Sun. Jul 21st, 2024


Image caption, The ruling means that potentially tens of thousands of ultra-Orthodox men could now face the draft

  • Author, Yolande Knell
  • Role, BBC Middle East correspondent
  • Reporting from Jerusalem

Israel’s Supreme Court has unanimously ruled in a landmark case that ultra-Orthodox Jewish seminary students must be drafted to the military.

There have long been exemptions for conscription for young men registered in full-time religious study, but a legal arrangement allowing the practice to continue had expired.

The move looks set to send shockwaves through Israel’s governing coalition, which includes ultra-Orthodox, or Haredi, parties.

A waiver from conscription for ultra-Orthodox men had become a more pressing social issue because of the strain on the armed forces caused by the ongoing fighting against Hamas in the Gaza Strip.

“In the midst of a gruelling war, the burden of inequality is harsher than ever and demands a solution,” the top justices said.

The Israeli military is often described as “the People’s Army” with most Israelis, apart from Israeli Arabs, required by law to serve in it.

The ruling of the country’s highest court referred to the fact that large numbers of soldiers had recently been killed while fighting for their country, saying: “Discrimination regarding the most precious thing of all – life itself – is of the worst kind.”

A non-profit group that was one of the main petitioners to the court, the Movement for Quality Government in Israel, welcomed the ruling, describing it as “an historic victory”, and called for immediate action to recruit Jewish seminary, or yeshiva, students.

Data seen by the court suggested some 63,000 ultra-Orthodox men in full-time Torah study have been covered by the waiver. The ruling means that they now potentially face the draft.

The court also ruled that there should be a freeze in public funding for yeshivas whose students evade conscription.

A lawyer who represented a yeshiva association before the court, Shmuel Horowitz, told the BBC that he “was not surprised by the decision but disappointed”, adding: “The courts are not the appropriate forum to solve these kinds of social issues.”

Asked about the likely response from the ultra-Orthodox community, he noted that “they adhere to their rabbis and don’t care much for court”.

He suggested that there was still time for the Israeli parliament to come up with a solution that would make the court ruling obsolete before it goes on recess at the end of July.

Prime Minister Benjamin Netanyahu’s coalition government relies for its survival on two ultra-Orthodox parties which view conscription exemptions as a top political priority – Shas and United Torah Judaism.

They believe that keeping their constituents in Torah study is a way of protecting the people of Israel and maintaining their conservative customs.

Shas leader Aryeh Deri issued a defiant statement in response to the ruling.

“There is no power in the world that can cut off the people of Israel from studying the Torah and anyone who has tried this in the past has failed miserably,” he said.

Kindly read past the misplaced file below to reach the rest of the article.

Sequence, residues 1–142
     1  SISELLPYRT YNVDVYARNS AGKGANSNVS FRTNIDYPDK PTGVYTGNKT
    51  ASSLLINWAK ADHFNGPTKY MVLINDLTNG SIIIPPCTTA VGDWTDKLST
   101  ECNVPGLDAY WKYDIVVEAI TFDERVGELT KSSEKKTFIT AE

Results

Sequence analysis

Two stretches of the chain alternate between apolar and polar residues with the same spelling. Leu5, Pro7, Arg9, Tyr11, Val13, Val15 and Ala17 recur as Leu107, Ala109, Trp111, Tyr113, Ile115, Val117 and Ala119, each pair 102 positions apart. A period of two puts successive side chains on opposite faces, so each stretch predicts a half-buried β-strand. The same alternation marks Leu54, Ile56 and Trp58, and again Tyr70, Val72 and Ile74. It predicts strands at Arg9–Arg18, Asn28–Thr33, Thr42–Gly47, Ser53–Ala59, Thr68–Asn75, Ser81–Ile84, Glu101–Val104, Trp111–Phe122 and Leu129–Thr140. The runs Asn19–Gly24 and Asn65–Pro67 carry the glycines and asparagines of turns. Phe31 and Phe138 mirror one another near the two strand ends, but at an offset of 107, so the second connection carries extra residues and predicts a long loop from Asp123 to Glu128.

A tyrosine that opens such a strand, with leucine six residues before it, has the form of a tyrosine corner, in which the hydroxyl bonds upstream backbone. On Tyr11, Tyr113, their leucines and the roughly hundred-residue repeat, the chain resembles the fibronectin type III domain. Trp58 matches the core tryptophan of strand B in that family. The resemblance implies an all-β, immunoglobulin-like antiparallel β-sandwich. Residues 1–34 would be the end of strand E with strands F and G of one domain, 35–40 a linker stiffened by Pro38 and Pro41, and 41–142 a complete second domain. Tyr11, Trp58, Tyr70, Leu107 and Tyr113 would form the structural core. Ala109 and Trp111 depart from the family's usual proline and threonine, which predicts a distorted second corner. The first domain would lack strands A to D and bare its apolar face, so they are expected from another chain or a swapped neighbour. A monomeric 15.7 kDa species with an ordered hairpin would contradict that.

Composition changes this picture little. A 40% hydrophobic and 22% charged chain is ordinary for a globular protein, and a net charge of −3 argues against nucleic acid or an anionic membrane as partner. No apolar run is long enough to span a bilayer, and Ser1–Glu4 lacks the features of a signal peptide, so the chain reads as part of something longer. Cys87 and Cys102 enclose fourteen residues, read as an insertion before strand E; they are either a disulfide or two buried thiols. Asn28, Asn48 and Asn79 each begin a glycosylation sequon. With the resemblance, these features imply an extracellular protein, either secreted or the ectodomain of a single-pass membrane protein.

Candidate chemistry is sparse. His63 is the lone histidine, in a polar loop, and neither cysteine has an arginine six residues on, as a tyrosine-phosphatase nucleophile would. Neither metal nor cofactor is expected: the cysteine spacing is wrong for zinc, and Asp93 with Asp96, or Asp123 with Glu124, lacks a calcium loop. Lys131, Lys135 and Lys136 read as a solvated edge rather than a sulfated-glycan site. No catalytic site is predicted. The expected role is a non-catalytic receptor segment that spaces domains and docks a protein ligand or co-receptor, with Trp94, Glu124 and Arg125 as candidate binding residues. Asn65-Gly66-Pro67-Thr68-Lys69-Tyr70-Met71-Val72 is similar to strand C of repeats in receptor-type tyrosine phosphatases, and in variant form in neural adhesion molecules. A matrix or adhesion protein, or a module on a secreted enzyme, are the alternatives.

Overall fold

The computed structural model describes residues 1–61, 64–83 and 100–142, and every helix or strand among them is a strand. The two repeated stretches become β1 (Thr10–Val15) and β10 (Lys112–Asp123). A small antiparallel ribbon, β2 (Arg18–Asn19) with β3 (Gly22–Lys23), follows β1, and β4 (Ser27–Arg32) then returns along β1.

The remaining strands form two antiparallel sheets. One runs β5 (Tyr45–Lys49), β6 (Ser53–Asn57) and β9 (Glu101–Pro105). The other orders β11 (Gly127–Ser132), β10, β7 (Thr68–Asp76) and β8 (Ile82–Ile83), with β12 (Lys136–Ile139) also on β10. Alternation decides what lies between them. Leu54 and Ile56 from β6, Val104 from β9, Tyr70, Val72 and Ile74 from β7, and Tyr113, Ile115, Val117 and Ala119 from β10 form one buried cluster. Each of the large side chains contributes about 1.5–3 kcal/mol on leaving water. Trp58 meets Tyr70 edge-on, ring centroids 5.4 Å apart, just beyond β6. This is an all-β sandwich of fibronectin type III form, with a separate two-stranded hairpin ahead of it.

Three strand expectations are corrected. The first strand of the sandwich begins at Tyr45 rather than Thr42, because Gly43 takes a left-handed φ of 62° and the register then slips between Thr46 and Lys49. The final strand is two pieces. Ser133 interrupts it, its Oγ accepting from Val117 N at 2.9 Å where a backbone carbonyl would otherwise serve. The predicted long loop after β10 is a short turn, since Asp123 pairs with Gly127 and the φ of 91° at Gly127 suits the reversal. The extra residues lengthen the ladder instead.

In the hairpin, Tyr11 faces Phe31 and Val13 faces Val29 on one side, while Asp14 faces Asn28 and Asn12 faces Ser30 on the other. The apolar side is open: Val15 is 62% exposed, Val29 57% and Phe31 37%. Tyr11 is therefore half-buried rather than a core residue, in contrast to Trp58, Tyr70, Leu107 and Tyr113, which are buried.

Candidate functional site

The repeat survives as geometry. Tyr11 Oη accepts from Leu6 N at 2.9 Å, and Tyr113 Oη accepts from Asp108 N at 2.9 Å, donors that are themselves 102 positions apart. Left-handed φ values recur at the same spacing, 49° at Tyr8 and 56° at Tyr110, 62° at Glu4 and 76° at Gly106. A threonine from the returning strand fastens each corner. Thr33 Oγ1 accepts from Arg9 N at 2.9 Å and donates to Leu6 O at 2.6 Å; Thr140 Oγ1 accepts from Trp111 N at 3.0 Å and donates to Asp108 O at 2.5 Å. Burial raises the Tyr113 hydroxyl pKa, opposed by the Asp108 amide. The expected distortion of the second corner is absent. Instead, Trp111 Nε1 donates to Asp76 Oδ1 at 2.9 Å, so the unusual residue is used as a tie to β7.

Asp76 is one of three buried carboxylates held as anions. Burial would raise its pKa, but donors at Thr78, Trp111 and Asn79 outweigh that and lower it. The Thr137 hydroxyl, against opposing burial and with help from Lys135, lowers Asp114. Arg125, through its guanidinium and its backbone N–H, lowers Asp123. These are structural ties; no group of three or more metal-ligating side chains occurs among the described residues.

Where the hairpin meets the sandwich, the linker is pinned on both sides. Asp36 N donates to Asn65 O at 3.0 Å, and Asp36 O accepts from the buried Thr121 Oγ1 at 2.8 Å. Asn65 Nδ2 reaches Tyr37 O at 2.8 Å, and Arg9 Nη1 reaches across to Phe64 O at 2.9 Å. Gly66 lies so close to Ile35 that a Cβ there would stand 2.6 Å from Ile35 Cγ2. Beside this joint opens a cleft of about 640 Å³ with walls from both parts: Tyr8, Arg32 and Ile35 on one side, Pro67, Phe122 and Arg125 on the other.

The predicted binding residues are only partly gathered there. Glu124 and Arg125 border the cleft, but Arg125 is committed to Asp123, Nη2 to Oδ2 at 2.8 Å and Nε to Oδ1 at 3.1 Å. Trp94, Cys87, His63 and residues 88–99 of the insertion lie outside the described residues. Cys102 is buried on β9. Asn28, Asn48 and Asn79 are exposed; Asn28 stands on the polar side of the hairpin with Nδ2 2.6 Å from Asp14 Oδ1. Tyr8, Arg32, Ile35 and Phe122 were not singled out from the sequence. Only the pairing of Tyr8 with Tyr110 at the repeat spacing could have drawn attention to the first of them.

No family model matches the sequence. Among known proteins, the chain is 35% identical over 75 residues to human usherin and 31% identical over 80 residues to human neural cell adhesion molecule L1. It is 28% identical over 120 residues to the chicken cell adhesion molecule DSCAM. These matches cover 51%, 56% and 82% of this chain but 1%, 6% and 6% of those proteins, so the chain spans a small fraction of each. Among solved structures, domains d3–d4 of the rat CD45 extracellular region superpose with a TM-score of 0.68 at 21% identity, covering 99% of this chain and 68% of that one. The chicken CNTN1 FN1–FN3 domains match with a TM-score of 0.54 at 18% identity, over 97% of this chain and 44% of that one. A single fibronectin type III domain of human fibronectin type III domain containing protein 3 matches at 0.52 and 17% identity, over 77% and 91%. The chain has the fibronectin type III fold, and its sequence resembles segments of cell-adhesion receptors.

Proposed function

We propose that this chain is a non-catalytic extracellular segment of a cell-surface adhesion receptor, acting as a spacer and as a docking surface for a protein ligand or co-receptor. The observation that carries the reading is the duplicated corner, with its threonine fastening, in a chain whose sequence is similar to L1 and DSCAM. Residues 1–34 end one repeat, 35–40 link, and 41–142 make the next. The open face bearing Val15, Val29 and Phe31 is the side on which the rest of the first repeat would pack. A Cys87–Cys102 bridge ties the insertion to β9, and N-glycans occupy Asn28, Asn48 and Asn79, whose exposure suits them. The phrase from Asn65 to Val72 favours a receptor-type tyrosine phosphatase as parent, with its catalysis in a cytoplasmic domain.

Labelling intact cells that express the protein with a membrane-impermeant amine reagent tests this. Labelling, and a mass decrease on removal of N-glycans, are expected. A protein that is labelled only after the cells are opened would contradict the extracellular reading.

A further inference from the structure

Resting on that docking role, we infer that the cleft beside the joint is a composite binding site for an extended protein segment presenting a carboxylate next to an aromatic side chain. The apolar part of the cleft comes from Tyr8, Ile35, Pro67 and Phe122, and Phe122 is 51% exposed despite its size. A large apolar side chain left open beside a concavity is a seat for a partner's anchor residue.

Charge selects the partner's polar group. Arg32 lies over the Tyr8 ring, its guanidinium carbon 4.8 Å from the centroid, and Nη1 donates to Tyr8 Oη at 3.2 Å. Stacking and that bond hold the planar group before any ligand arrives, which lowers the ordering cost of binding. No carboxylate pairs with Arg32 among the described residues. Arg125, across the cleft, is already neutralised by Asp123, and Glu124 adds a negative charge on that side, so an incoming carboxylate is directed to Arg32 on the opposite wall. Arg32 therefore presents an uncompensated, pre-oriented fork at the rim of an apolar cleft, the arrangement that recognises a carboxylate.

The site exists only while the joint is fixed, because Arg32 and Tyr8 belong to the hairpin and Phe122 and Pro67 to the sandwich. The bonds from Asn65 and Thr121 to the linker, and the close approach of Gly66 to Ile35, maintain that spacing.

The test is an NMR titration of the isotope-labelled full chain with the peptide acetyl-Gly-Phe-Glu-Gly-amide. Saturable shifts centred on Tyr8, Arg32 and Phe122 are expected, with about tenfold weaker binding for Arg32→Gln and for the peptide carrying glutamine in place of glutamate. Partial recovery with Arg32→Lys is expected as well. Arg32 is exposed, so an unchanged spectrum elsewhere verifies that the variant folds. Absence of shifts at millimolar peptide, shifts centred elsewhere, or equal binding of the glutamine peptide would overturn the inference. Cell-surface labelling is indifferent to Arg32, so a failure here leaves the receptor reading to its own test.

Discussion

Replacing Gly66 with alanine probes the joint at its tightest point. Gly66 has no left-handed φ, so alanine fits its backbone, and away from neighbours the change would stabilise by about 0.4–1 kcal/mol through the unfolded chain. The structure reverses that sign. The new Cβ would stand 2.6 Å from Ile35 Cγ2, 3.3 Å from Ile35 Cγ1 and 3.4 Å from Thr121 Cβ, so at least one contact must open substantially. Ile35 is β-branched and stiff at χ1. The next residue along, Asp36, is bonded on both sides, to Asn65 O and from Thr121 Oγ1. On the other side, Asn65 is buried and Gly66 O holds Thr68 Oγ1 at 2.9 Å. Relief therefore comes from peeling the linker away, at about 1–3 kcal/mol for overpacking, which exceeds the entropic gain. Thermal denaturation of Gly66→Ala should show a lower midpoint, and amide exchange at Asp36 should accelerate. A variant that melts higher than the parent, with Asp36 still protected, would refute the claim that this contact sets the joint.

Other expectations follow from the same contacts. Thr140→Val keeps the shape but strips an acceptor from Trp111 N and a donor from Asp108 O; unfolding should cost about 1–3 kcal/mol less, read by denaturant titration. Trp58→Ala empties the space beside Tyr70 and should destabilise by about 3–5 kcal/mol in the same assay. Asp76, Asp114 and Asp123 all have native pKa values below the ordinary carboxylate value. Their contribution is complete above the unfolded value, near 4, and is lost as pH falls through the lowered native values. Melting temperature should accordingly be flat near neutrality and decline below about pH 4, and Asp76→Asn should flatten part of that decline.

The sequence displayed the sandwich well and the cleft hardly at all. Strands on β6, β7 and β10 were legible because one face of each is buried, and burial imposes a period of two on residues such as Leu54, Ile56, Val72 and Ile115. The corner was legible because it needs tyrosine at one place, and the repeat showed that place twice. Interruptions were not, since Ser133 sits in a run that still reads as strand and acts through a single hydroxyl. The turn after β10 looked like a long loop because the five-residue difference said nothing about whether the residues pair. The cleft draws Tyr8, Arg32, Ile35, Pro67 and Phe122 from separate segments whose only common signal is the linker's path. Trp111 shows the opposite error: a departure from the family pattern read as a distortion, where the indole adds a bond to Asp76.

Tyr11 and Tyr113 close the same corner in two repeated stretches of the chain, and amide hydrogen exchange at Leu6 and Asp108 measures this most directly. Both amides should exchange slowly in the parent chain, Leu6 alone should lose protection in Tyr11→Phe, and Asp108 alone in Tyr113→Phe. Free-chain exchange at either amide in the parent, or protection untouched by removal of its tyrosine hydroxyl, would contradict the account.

Housing Minister Yitzhak Goldknopf, the leader of United Torah Judaism, also vowed that “the Holy Torah will prevail”.

With the end of exemptions, it is possible that the ultra-Orthodox parties could exit the coalition, causing the government to collapse and likely leading to new elections at a time when the popularity of Mr Netanyahu’s Likud party has dropped.

The prime minister had been promoting a bill tabled by a previous government in 2022, which sought a compromise by calling for limited ultra-Orthodox enlistment.

In a statement, Likud said that this legislation “significantly increases the recruitment rates of the ultra-Orthodox public, establishes institutional financial sanctions for failure to meet targets, and recognises the importance of Torah study”.

However, critics argue that the legislation was crafted before the war and was now insufficient to deal with the shortage of military manpower.

As well as maintaining troop numbers in Gaza, the military is preparing for a potential war with the powerful Lebanese armed group, Hezbollah. Already it has soldiers mobilised to northern Israel, where there are near daily exchanges of fire across the Lebanon border.

Over the years, there have been a series of legal challenges to the ultra-Orthodox waiver, and previous court decisions have found the system unjust. However, the Supreme Court refrained from making a final decision on the enlistment of yeshiva students, repeatedly referring the issue to parliament to legislate. It has proven unable to do so.

The history of exemptions for the ultra-Orthodox dates back to 1949 – a year after the state of Israel was created.

Back then, there were some 400 yeshiva students in Israel. The country’s founding fathers allowed them to avoid military service because the ultra-Orthodox community and its yeshivas had been decimated by the Holocaust in World War Two.

In modern-day Israel, demographics have changed dramatically. The high birth rate in the ultra-Orthodox community means that it now accounts for 12% of the Israeli population.

According to the Israeli parliament’s State Control Committee, about 10% of the ultra-Orthodox enlist each year, when they reach the conscription age of 18.

Special military units already exist which allow ultra-Orthodox men to serve as combat soldiers by creating conditions conducive to their religious convictions and strict observance of Halakha, or Jewish religious law.




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